The first county jail was built in 1818. History of Vanderburgh County Indiana, From the Earliest Times to the Present With Biographical Sketches, Reminiscences, Etc. (Brant and Fuller, 1889), Reprint, 1979, p. 58 (B050580). The first jail, built by Hugh McGary for $875.00 was completed and received February 15, 1819 and remained in use for ten years. It stood on the northeast quarter of the public square. Ibid., 54 (B050580).
The first courthouse was built in 1820. Ibid. (B050580). The courthouse was located in the southeast quarter of the public square.
In 1832, a second jail was built to replace the first on the same site. Ibid., 58 (B050580). In 1829, the county sheriff was directed to sell the jail to the highest bidder, who was to remove it from the public square within one month of purchase. During this time, prisoners were weighted with ball and chain, guarded by a deputy sheriff, and housed at the local taverns. Dr. William Trafton and Joseph and William Butler built the second jail for $350.00. In 1845, the sheriff was authorized to build a residence adjoining the second jail at his own expense, but declined. Ibid. (B050580).
If at the close of his official term, Sheriff William M. Walker and the commissioners could not reach an agreement upon a price for the purchase of the residence by the county, the sheriff would have been permitted to remove it from public property.
In 1857, the second courthouse, third jail, and first sheriff's residence were completed. Ibid., 55-6, 59 (B050580). The jail was built by James Roquet. Constructed of stone, it was two-stories tall. A plain, brick sheriff's residence was built directly in front of this jail.
(3) Old Jailhouse, Evansville, Indiana, University of Southern Indiana Web site http://www.usi.edu/artdept/artindiana/Architecture/Downtown/jail/jail/html (accessed August 15, 2005).
(4) Old Jailhouse, Evansville, Indiana, University of Southern Indiana Web site http://www.usi.edu/artdept/artindiana/Architecture/Downtown/jail/jail/html (accessed August 15, 2005). "Old Vanderburgh County Sheriff's Residence and Jail, " brochure dated 1980. (B050888)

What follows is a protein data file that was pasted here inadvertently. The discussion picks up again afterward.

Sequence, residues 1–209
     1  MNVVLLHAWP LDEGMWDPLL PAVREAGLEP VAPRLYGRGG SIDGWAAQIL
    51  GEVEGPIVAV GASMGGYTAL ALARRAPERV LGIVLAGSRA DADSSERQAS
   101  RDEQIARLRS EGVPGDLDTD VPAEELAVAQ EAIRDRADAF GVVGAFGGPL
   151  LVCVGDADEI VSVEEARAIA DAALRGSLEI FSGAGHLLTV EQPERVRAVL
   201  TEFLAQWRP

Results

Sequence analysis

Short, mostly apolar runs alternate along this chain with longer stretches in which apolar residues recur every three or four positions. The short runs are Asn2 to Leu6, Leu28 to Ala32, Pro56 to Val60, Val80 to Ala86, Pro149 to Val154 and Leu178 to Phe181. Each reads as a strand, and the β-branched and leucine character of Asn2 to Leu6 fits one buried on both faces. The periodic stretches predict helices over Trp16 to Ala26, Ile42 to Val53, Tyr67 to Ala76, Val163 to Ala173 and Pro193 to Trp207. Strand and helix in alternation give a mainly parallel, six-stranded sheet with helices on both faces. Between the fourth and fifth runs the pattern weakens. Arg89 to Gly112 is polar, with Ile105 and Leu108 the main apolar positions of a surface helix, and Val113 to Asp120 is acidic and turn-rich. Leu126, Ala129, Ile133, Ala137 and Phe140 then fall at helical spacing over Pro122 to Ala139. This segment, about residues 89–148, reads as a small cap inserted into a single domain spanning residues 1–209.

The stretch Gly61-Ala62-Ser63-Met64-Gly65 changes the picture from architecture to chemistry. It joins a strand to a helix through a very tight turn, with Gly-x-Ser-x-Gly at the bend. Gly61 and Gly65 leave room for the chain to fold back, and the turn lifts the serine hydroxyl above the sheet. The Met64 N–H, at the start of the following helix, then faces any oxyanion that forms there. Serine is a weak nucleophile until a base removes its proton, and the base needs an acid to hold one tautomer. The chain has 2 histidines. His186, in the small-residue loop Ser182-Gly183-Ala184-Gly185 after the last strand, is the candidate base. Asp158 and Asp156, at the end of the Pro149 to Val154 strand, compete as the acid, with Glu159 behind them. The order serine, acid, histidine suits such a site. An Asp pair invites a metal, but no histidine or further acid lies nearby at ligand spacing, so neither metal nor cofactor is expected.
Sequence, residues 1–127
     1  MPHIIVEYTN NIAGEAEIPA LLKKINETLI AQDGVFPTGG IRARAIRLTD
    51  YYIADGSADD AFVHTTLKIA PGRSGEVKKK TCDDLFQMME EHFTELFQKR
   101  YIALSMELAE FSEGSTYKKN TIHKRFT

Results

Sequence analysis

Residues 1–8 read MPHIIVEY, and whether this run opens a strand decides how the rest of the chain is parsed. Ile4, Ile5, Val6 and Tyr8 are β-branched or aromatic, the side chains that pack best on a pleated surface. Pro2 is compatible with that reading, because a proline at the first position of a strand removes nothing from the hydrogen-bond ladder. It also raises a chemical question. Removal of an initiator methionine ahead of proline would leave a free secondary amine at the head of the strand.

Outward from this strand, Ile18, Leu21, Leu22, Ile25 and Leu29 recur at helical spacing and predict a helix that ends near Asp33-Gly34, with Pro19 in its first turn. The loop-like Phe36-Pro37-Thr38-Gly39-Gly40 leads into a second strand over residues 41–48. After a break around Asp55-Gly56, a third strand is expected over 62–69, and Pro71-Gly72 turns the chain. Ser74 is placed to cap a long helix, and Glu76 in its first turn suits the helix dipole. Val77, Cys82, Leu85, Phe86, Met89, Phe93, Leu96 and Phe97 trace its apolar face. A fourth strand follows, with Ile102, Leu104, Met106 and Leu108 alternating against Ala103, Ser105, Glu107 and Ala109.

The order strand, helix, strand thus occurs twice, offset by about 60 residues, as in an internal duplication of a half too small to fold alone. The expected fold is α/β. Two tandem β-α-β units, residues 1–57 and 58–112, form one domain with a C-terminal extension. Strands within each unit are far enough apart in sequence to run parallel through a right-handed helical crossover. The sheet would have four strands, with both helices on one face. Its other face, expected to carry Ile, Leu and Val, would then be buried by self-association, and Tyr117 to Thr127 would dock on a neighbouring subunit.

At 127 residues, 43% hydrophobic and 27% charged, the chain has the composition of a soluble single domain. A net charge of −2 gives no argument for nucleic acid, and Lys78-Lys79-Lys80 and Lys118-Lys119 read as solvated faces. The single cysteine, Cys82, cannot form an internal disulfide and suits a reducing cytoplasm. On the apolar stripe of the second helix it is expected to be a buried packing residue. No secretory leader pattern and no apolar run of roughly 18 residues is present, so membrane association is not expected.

(5) The race riot began on July 4, 1903. Evansville Journal, July 6, 1903 (B050734); Darrel E. Bigham, We Ask Only A Fair Trial (Bloomington 1987), 103-7 (B050578); Brian S. Butler, Undergrowth of Folly: Public Order, Race Anxiety, and the 1903 Evansville, Indiana Riot, Ph.D Dissertation, University of Nebraska, August 1998 (B050575).
By July 7, 1903, 6 people had been killed and 30 injured. Evansville Courier, July 7, 1903 (B051005).
Immediately following the riot there was extensive newspaper coverage of the riot, and coverage continued for months after. Historian Darrel Bigham wrote about the riot (pp. 105-7): "The black community lived in a state of terror from July 4 through July 10. No one was safe outdoors, and scores of homes and shops were riddled with bullets . . . Blacks reportedly could be found walking on the railroad tracks leading in every direction from the city."
"The violence had a profound influence on black Evansville. Aside from property damage and threats to personal safety of hundreds of blacks, it blunted the development of the business and professional community. The proposed newspaper did not get off the ground. Within a year three prominent professionals had left town. It is impossible to determine how many others decided not to settle in Evansville because of its reputation. It is unclear how many of those ordinary people who fled for their lives failed to return."
(6) Evansville Courier, May 8, 1969 (B050724).
(7) Historic Indiana: Indiana Properties Listed in the National Register of Historic Places 2003-2004 (Indianapolis 2002), 50 (B050797).
(8) Indiana Historical Bureau standard statement.